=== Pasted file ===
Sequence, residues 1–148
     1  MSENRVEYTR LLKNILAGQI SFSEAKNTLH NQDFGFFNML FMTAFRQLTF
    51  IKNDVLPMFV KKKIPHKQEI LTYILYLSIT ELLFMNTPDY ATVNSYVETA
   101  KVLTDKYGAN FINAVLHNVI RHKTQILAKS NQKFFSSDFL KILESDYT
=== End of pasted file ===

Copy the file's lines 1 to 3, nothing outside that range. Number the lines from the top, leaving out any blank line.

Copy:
Sequence, residues 1–148
     1  MSENRVEYTR LLKNILAGQI SFSEAKNTLH NQDFGFFNML FMTAFRQLTF
    51  IKNDVLPMFV KKKIPHKQEI LTYILYLSIT ELLFMNTPDY ATVNSYVETA